A MATCH MADE IN HEAVEN . . . The heart-warming moment WWII veteran (93) is reunited with his wartime sweetheart (88) after 72 years

 “Is that really you Thomas,” Joyce Morris seems to be saying as she prepares to embrace her childhood sweetheart after 72 years apart. Thomas was 21 and Morris was just 17 years old. The two fell in love shortly but became separated after the war

“Is that really you Thomas,” Joyce Morris seems to be saying as she prepares to embrace her childhood sweetheart after 72 years apart. Thomas was 21 and Morris was just 17 years old. The two fell in love shortly but became separated after the war

Norwood Thomas arrived in Adelaide, Australia, on Wednesday
The American flew to Australia to be reunited with Joyce Morris, the woman he dated while stationed in England during World War II

Morris reconnected with Thomas last year after asking her son to find him online; the two set up a Skype date after that

The pair now plan to spend Valentine’s Day together

A 93-year-old World War II veteran from the United States embraced his wartime girlfriend in Australia in their reunion on Wednesday after over 70 years apart.

Norwood Thomas and 88-year-old Joyce Morris laughed as they wrapped their arms around each other after Thomas flew from Virginia to the southern Australian city of Adelaide to reconnect with his long-lost love.

“Here we are! Well you’re still vertical,” Morris said as Thomas entered the room.

“This is about the most wonderful thing that could have happened to me,” Thomas said, in a reunion broadcast on Channel 10’s “The Project”.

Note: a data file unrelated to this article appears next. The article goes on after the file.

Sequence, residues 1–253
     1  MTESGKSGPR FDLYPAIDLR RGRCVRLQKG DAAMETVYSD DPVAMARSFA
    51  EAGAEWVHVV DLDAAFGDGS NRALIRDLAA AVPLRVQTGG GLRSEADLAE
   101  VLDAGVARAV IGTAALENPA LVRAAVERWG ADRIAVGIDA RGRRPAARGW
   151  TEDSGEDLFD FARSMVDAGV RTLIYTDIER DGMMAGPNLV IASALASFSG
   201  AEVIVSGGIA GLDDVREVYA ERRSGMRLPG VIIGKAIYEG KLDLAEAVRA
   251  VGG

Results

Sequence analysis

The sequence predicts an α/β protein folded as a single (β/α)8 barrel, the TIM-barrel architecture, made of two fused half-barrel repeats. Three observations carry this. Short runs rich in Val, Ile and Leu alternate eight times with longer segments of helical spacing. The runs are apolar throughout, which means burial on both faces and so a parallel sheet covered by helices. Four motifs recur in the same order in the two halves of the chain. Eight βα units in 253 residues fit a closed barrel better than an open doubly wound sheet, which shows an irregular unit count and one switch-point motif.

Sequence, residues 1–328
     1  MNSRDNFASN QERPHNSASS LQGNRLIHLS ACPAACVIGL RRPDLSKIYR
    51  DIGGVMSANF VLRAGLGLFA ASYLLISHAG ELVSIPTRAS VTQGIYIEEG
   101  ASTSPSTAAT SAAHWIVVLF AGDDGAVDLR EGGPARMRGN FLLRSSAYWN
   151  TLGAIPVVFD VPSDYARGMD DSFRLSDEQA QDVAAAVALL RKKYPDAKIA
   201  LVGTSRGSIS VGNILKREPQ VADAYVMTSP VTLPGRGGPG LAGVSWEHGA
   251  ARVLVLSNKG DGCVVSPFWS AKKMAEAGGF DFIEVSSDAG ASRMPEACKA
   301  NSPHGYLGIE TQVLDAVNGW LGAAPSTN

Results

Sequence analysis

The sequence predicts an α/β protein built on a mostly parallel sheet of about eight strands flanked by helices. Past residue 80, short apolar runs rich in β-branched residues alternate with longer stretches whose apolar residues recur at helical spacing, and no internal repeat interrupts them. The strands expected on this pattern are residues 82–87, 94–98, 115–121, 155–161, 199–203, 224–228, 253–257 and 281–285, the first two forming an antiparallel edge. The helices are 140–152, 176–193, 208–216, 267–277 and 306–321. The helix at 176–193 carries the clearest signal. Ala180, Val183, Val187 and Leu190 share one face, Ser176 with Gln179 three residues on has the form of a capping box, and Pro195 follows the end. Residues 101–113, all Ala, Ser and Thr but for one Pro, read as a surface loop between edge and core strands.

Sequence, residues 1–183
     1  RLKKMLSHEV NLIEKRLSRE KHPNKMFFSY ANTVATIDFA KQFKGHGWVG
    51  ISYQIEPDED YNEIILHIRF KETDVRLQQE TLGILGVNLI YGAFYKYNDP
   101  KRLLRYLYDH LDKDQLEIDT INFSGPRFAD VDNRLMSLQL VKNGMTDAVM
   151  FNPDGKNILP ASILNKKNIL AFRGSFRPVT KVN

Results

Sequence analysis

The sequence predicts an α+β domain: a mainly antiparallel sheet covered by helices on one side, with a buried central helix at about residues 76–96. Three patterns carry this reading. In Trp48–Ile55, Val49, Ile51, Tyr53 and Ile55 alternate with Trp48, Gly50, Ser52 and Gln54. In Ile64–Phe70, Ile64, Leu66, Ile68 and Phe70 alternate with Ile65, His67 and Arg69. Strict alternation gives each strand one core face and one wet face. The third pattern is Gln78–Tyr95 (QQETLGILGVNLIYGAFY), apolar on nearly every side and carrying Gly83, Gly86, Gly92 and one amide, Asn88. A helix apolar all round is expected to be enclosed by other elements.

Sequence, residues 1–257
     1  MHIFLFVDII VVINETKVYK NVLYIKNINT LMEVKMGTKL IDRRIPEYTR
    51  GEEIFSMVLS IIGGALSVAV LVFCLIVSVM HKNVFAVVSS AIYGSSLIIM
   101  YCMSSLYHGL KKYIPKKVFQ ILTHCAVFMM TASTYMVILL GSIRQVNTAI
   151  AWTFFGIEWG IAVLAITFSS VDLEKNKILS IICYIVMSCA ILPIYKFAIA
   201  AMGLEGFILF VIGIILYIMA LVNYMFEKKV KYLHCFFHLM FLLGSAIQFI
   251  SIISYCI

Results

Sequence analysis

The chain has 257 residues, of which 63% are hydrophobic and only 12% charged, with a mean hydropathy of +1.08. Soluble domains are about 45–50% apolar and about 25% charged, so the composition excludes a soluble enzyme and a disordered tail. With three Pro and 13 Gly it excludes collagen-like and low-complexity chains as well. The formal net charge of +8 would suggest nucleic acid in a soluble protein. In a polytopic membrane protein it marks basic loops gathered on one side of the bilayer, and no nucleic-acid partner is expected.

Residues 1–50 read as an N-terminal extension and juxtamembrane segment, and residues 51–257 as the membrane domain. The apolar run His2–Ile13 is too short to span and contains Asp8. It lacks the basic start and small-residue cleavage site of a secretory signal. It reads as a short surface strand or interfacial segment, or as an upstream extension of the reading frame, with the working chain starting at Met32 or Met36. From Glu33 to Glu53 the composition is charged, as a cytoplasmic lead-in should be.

“Good,” Morris replied with a laugh. “We’re going to have a wonderful fortnight.”

Morris was a 17-year-old British girl and Thomas was a 21-year-old paratrooper when they first met in London in the spring of 1944.

In an interview with Australia’s Today show before their reunion this week, Morris said that he and a friend went to Richmond one day when they saw two young women trying to rent a boat to row on the Thomas River.

“We suggested that they rent two rowboats and one young lady rowed my friend and Joyce would row me,” Thomas recalled.

The pair went on to date, but were soon torn apart by the war when D-Day came in June 1944.

After the war, he returned to the US and the two continued to write letters to each other.

Thomas asked Morris to come to the US to marry him, but somehow Morris misunderstood and thought he’d found someone else, so she stopped writing.

The two eventually married other people, with Morris resettling in Australia. Thomas’ wife died in 2001 while Morris divorced her husband after 30 years.

Last year, Morris asked one of her sons to look for Thomas online, and they found his name featured in an article about D-Day that ran in The Virginian-Pilot newspaper.

Thomas and Morris reconnected via Skype. After their story went public, hundreds of people made donations to help fund Thomas’ trip to Australia from his hometown in Virginia Beach, and Air New Zealand offered to pay for the flights.

When Thomas landed in Adelaide on Wednesday, he told reporters that he was a bit nervous for the reunion which he has so looked forward to.

“I am going to give her a squeeze,” Thomas said, according to ABC.net.au.

“I am just sitting and taking it as life comes, line it up for me and I will be there. I appreciate all the help we have had.”

The two are planning to spend Valentine’s Day together. – http://www.dailymail.co.uk

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